The way WiFi security works hasn’t really changed a great deal over the last fourteen years but that changes today with the arrival of WPA3.

The successor to WPA2, the updated security protocol will replace 2004’s protocol bringing with it a number of new improvements which are built to help improve how secure wireless networks are.

While users will not see any change in the way devices connect to their network, the magic will go on under the hood. However, none of that will happen quickly with new devices and new routers needed in order for WPA3 to kick in.

That said, if your existing router and any devices that connect to it do receive software updates that bring WPA3 into play then new hardware may not be required and, importantly, everything should be backwardly compatible meaning no one device running WPA3 should cause trouble for older WPA2 connections.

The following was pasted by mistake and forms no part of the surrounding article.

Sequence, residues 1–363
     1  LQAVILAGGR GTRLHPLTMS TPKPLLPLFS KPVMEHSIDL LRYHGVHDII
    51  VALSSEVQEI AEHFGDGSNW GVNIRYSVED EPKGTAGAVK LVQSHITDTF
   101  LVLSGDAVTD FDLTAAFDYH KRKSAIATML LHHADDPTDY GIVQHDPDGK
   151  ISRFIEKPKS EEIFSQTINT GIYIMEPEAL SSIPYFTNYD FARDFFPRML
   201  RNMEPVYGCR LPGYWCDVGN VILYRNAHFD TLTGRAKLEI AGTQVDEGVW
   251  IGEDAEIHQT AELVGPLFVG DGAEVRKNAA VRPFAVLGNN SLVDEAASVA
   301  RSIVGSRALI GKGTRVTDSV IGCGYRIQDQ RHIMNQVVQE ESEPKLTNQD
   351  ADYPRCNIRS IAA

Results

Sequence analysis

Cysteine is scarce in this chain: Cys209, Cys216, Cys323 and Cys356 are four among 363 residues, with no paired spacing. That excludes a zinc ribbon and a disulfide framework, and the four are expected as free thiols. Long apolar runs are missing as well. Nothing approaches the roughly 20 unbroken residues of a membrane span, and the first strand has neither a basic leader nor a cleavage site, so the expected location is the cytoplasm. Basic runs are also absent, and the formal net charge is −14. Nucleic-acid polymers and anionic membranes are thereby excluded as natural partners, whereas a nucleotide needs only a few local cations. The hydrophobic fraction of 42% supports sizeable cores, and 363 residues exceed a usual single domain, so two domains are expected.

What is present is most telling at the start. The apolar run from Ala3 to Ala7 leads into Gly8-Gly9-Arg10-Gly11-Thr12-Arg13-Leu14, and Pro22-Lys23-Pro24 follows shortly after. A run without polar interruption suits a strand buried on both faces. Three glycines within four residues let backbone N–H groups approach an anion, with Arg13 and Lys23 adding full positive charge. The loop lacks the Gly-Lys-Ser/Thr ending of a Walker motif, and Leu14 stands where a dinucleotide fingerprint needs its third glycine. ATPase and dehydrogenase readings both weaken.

The first of the big new features is the way WPA3 protects against offline brute force password hacking expeditions. As things stand hackers can capture data from a WiFi stream and then take it back to an offline computer, attacking it with multiple password attempts until they gain access. With WPA3 applied this is not the case – hackers will get one attempt and then the data they already have will be useless for attempting additional guesses.

Another important addition is forward secrecy, a feature which will prevent anyone who is able to collect WiFi data from accessing it if they gain access to its password at a later date. With WPA3 enabled, old data is not accessibly with newly cracked passwords meaning only future traffic is at risk.

It’s expected that the WPA3 rollout will not really gather pace until next year and it’s most certainly not yet mandatory for new products. Expect WPA3 to start to really ramp up towards the end of 2019.

(Source: Wi-Fi Alliance)

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